Hurston’s interviews were meant to become her first book, Barracoon, which she finished in 1931. But because she transcribed her interviews in Lewis’ dialect and refused to edit it, publishers lost interest. The book was finally released in 2018.

Cudjo Lewis
Cudjo Lewis, one of the last Clotilda survivors, relayed his story to Zora Neale Hurston.
  Wikimedia Commons
Zora Neale Hurston
Zora Neale Hurston visited Cudjo Lewis in 1927 and finished writing Barracoon in 1931. Wikimedia Commons

For the intervening 87 years, the story lived on as oral history. Fearing repercussions, descendants did not discuss it publicly for a long time. Powerful local families were involved, they cautioned each other, families who would prefer the Clotilda and its secrets remain at the bottom of the Mobile River. Instead, they grappled with their concealed history quietly among themselves. 

“These descendants stayed committed to that truth regardless of what the rest of the world said,” says Mary Elliott, a curator at the Smithsonian’s National Museum of African American History and Culture (NMAAHC). “We can’t discredit the efforts of the descendants to keep that story alive.”

Slavery’s lasting legacies

Joycelyn Davis, a descendant who has spent her whole life in Africatown, grew up visiting her great-grandmother in Lewis Quarters, one of the original plots of land the Clotilda survivors purchased in 1870. Extending about seven acres, the plot is named for Davis’ ancestors, Charlie and Maggie Lewis. She remembers her family holding festivals there, talking about their ancestor, the man who bought land from his enslaver.

For a long time, Davis wasn’t interested in the Clotilda. When asked about it, she would push back: Struggling kids need support at school. Dilapidated homes need repairs. “Our community is suffering,” she would say, “and you’re asking about a ship?”

But when Davis learned that the Clotilda had been found, something shifted. Part of it was the rush of new discovery. But more importantly, she realized the ship could be a vital tool in securing her town’s future. “People benefited off of those individuals,” she says. “My thought was: Now, finally, we can benefit off of the Clotilda.”

The Old Plateau Cemetery
The Old Plateau Cemetery, where many of the Clotilda survivors are buried Wikimedia Commons
A small community just north of Mobile, Alabama, is the home of the descendants of the enslaved that arrived in the United States aboard the illegal slave ship Clotilda Wikimedia Commons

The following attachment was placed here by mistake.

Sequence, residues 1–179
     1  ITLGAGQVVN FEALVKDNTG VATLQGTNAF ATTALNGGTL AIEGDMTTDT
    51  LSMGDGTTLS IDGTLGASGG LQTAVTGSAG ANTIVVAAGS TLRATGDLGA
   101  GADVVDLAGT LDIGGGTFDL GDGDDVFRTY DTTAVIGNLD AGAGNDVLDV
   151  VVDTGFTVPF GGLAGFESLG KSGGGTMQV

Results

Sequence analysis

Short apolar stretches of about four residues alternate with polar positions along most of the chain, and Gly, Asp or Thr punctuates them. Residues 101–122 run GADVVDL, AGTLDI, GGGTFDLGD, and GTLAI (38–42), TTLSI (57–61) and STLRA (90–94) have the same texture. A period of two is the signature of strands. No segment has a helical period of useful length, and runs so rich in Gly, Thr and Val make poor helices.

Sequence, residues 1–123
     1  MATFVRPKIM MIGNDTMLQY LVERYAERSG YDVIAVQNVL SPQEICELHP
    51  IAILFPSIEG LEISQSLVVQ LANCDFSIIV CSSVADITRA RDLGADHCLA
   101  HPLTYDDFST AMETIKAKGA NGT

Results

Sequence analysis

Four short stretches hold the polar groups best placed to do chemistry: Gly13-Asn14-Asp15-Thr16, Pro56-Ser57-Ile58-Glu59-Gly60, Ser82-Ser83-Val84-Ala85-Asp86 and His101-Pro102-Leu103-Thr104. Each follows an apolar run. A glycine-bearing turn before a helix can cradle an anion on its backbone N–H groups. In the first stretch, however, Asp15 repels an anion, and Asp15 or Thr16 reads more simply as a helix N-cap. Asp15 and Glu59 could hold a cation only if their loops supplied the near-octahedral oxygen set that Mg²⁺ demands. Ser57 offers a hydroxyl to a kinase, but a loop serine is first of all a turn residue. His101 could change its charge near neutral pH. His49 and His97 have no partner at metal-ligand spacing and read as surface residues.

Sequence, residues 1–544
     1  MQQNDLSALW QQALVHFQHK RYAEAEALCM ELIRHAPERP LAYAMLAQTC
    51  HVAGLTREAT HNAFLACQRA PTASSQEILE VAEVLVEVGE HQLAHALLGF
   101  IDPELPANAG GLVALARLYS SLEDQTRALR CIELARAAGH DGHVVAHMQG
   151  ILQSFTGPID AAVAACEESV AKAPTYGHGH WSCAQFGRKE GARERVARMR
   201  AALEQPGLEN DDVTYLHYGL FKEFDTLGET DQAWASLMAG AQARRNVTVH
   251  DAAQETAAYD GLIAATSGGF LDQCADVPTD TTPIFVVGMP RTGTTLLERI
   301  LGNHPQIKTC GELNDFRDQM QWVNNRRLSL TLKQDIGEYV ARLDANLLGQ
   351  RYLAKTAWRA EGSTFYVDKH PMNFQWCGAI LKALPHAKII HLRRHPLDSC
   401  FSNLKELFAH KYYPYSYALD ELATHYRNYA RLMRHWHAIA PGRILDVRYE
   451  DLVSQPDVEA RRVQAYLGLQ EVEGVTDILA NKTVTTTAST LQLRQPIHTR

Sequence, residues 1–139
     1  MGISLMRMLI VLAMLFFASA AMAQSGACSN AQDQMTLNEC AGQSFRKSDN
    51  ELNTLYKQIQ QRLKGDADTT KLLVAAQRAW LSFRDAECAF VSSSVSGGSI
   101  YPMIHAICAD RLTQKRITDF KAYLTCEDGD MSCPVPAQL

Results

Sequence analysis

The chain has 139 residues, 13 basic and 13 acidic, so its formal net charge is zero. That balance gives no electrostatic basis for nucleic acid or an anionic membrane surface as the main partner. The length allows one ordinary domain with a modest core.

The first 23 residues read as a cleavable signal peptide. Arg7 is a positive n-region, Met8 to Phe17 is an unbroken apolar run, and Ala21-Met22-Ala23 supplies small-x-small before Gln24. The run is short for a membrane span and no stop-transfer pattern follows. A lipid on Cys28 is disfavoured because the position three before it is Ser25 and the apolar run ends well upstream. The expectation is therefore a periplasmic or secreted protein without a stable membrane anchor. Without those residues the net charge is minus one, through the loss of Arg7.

Africatown in a still from ​​​​​​​Descendant
Africatown in a still from Descendant Courtesy of Participant / Netflix
Descendants of Charlie and Maggie Lewis
Family photo of the descendants of Charlie and Maggie Lewis Courtesy of Joycelyn Davis
Joycelynn Davis
Joycelynn Davis has lived in Africatown all her life—and plans to stay. Courtesy of Participant / Netflix

Fighting environmental racism

Africatown is surrounded by heavy industry. Growing up, Davis remembers residue from a paper mill raining down on the school playground. She and her classmates played in it, fanning it away from their faces. She thought it looked like snow. “I just didn’t know any different,” she says. “I just knew my grandfather worked there and he made a decent living. That’s all I knew.”

Later reports would reveal that the factories were releasing hundreds of thousands of pounds of chloroform, a carcinogen. In 2017, a group of 1,200 residents sued the International Paper Company, alleging that it released harmful chemicals into the air and water. The case was settled in 2020. Davis, who is herself a cancer survivor, was among the plaintiffs.

The Smithsonian’s Elliott, who spent extensive time in Africatown as part of her work at NMAAHC, says fighting environmental racism is crucial to the town’s revitalization. She emphasizes that such issues are not unique to Africatown. Across the country, historic Black communities are facing the same challenges as the descendants of the Clotilda families.

The other descendants

As for the descendants of the Meaher family?

“Well, they’re still here,” says Davis.